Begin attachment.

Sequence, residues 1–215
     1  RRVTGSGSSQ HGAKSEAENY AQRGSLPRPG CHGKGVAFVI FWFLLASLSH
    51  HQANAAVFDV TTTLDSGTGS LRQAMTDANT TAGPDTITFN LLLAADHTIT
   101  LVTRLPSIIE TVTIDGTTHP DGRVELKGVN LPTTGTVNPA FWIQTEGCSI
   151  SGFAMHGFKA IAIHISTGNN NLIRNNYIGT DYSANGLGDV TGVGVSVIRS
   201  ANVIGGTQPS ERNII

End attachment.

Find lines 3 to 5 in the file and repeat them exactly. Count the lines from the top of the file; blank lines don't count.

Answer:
    51  HQANAAVFDV TTTLDSGTGS LRQAMTDANT TAGPDTITFN LLLAADHTIT
   101  LVTRLPSIIE TVTIDGTTHP DGRVELKGVN LPTTGTVNPA FWIQTEGCSI
   151  SGFAMHGFKA IAIHISTGNN NLIRNNYIGT DYSANGLGDV TGVGVSVIRS